If I’ve heard it once, I’ve heard it a thousand times: Those British singers are the only ones making decent soul music these days. I can refute that statement by identifying the deep bench of indie soul singers from the states. I’ll just say that Gregory Porter, Sy Smith, et. al., beg to differ and leave it at that. However, it’s clear that something is brewing across the pond, and that something explains why a lot of American singers have to venture across the pond to get any love.
It’s also true that the output from European soul singers – and especially those with connections to the United Kingdom – is quite impressive. Adele immediately comes to mind, but there’s Corinne Bailey Rae, James Hunter, Incognito, Mama’s Gun, Julie Dexter and veterans such as Sade. There’s clearly a British formula for making soul music and Ola Onabule – the velvety voiced Brit of Nigerian descent - perfects it on Seven Shades Darker, his follow-up to 2007’s excellent The Devoured Man.
How good is this record? If you can make it past “Every Prey,” the album’s opening track without putting the stereo, computer or MP.3 player on repeat you’re better than I, and I’m guaranteeing that you won’t make it past “Let Love Alone,” which is track three. Both possess a unique set of virtues: “Every Prey” is an up-tempo funk/pop hybrid that is distinguished by Onabule’s razor sharp lyricism and some horn play that might remind listeners of Chicago. “Let Love Alone,” is a classic R&B ballad that finds Onabule encouraging his woman not to be consumed by insecurity. “She may turn phrases I’ve heard you say/And yet not make me feel what they mean,” Onabule sings. “Let Love Alone” features an instrumental arrangement that fuses jazz ad R&B and serves as the perfect platform for Onabule’s vocal dexterity.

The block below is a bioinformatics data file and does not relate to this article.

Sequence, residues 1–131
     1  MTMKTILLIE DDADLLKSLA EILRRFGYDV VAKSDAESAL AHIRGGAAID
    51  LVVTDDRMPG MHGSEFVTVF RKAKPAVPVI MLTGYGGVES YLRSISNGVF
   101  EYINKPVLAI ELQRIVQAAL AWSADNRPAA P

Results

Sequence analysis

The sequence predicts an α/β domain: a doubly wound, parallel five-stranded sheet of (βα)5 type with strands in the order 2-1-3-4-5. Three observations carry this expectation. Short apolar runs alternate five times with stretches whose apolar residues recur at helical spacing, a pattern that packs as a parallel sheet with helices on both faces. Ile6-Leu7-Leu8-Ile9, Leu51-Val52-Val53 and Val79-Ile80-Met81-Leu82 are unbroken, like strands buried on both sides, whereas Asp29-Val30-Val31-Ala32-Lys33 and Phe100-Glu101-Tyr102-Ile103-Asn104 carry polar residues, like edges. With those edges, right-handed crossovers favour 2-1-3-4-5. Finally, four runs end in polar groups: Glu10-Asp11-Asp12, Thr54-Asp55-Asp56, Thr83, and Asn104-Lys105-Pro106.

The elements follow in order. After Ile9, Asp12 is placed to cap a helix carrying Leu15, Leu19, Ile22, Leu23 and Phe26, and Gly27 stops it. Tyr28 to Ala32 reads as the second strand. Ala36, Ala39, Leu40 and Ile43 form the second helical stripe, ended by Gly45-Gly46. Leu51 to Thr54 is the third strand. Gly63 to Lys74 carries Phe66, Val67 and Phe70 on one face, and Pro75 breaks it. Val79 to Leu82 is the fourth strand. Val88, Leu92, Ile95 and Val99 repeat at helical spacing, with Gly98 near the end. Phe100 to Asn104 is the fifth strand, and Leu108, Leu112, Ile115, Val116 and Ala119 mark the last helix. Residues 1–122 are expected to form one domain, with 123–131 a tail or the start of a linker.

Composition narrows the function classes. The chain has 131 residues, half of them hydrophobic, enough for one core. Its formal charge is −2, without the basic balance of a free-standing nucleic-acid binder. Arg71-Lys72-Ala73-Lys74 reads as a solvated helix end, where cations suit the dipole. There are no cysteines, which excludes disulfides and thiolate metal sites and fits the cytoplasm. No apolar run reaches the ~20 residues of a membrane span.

Onabule’s willingness to explore social themes also elevates Seven Shades Darker. The percussive “Great Expectations” tells the story of a young man who summons the courage to flee his war-torn village in hopes of finding something better, while the pensive “A Name” describes how something as simple as a name can provide enough evidence to lead to a man being persecuted. “So what’s in a name/that begs you heed its call/and binds you in its thrall/Tells of where you hail/What flag of faith you sail.” The funky “The Desperate One” addresses the hopelessness that drives many economically disadvantaged youth to make bad decisions.
It’s a tribute to the beauty of Onabule’s vocal instrument, his skill as a songwriter and his talented musicians that none of these songs comes off as preachy or overbearing. Onabule ranges from affairs of the heart to affairs of state, but each song is connected by their quality proving that the time that elapsed between The Devoured Man and Seven Shades Darker was time well spent. Highly Recommended.
By Howard Dukes